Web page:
Meals often eaten in the courtyard. Today, as in the days of JESUS, meals are often eaten in the interior court of the Oriental house. No doubt JESUS was entertained at meals which were served in the open court of His host's house.


Location and appearance of the door. The door or gate was located in the middle of the front side of the house. This entrance was usually so arranged that nobody could see into it from the street. Sometimes a wall was built in front of it to serve this purpose.

Oriental gates, or large doors often have small doors like a panel within them. The small door is in use for ordinary occasions, and the large gate or door is opened only on extraordinary occasions.

Acts 12:13 speaks of Peter knocking "at the door of the gate," which doubtless means the smaller door within the larger gate.

The use of keys. The Oriental key of modern times is like the key of Isaiah's days, and most

certainly not like the small occidental variety. Isaiah 22:22 says: "The key of the house of David will I lay upon his shoulder ." Dr. Thomson tells of seeing different keys in Palestine that would be large enough to lay on the shoulder of a man. He saw one key about a foot and a half in length. The keys were usually made of wood. The lock is placed on the inside of the gate or door, and to make it possible for the owner of the house to unlock it, a hole is cut in the door, and he thrusts his arm through this hole, and then inserts the key. In Song of Solomon 5:4, the bride says: "My beloved put in his hand by the hole of the door." She saw him thrust his hand through the hole, that he might unlock the door and then go in.

The porch and duties of the porter. The passageway inside the door and leading to the courtyard itself is called the porch. It is most often furnished with some kind of seats for the porter or for the servants.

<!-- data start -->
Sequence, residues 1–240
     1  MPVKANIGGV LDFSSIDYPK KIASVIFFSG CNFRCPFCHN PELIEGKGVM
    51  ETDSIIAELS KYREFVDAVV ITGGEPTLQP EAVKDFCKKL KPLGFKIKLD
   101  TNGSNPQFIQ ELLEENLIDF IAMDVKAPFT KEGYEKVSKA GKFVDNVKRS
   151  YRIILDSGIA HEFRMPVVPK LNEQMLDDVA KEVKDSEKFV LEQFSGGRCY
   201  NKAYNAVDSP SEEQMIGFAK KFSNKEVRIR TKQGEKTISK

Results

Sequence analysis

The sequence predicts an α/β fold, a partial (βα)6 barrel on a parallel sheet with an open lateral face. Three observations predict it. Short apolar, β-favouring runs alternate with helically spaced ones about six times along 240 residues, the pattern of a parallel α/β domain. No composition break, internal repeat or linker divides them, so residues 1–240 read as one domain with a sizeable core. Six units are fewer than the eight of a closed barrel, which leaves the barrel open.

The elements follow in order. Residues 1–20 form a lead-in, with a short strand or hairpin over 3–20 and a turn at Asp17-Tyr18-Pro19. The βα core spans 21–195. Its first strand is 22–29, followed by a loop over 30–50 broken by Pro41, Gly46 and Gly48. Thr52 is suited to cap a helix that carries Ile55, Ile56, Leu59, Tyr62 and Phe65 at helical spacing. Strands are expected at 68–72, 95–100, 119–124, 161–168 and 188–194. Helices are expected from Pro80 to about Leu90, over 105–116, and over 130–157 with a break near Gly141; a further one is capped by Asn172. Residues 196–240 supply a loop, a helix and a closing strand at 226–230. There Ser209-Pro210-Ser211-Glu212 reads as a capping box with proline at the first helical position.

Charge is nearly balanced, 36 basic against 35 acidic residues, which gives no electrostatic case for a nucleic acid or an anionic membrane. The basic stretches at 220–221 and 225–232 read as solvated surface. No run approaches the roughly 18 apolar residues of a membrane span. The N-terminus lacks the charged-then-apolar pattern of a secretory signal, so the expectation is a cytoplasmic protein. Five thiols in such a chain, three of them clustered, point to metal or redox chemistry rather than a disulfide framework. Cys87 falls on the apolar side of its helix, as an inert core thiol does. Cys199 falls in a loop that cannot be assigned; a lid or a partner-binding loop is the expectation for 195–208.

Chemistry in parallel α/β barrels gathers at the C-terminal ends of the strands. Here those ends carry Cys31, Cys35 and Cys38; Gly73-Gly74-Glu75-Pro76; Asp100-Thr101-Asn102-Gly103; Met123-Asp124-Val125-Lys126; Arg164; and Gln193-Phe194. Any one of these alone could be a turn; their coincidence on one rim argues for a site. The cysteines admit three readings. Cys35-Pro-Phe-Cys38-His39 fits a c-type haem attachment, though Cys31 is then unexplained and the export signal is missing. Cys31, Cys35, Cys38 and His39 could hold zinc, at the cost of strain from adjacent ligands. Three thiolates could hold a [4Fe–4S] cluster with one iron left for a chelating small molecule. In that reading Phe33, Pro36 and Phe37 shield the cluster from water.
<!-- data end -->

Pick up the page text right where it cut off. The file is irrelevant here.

It was in this porch that one of Peter's denials, took place. "And when he was gone out into the porch, another maid saw him, and said unto them that were there, This fellow was also with Jesus of Nazareth" (Matthew 26:71; Mark 14:68).

It is the duty of the porter (or servant or member of the family serving in that capacity) to parley with any visitor who knocks on the door desiring admission.

The purpose of this is to give opportunity to recognize the voice of the visitor, and identify him as a friend. So it is not expected that the door will be opened as soon as the knock is heard. The one inside will call out, "Who?" And the outsider, instead of giving his name, will rather answer, "I." Acts 12:13, 14 says: " And as Peter knocked at the door of the gate, a damsel came to hearken, named Rhoda. And when she knew Peter's voice, she opened not the gate for gladness." When Rhoda had listened to Peter's voice then she recognized who it was outside the gate.

The familiar words of Revelation 3:20 present the same idea: "Behold, I stand at the door and

knock: if any man hear my voice, and open the door, I will come into him," (for additional light on Revelation 3:20, study the relation between host and guest as given in Chapter Seven of this book). We must recognize the voice of the Saviour who is knocking. When JESUS came walking on the water to the fearful disciples in the storm, He did not say: "It is Jesus, be not afraid," but rather, "It is I; be not afraid" (Matthew 14:27; Mark 6:50; John 6:20). They heard His voice and recognized that it was the voice of Jesus. The Oriental is trained to listen to a voice and be able to recognize a friend.


The upper room or chamber is a well- known part of many Oriental houses today, and is frequently referred to in the Bible (cf. II Kings 1:2; 23:12; Acts 9:37; 20:8, etc.) . Those who cannot afford such a room are content with booths or arbors on the roof of their houses. But when it is possible to do so they construct a room. It provides a place of coolness in the hot weather, a place of retreat, and a distinguished guest is given accommodations there. If more than one room is built on the roof, it is called a summer house, in contrast with the winter house which is downstairs.

The most famous upper room of Old Testament times was the prophet's chamber built for Elisha, that he might have a place of retirement suited to a man of prayer. There was doubtless an outside stairway leading to it, so that the prophet might come and go without disturbing the people in the house. The furnishings of the room included a bed, a table, a stool and a lamp stand (candlestick) (II Kings 4:10).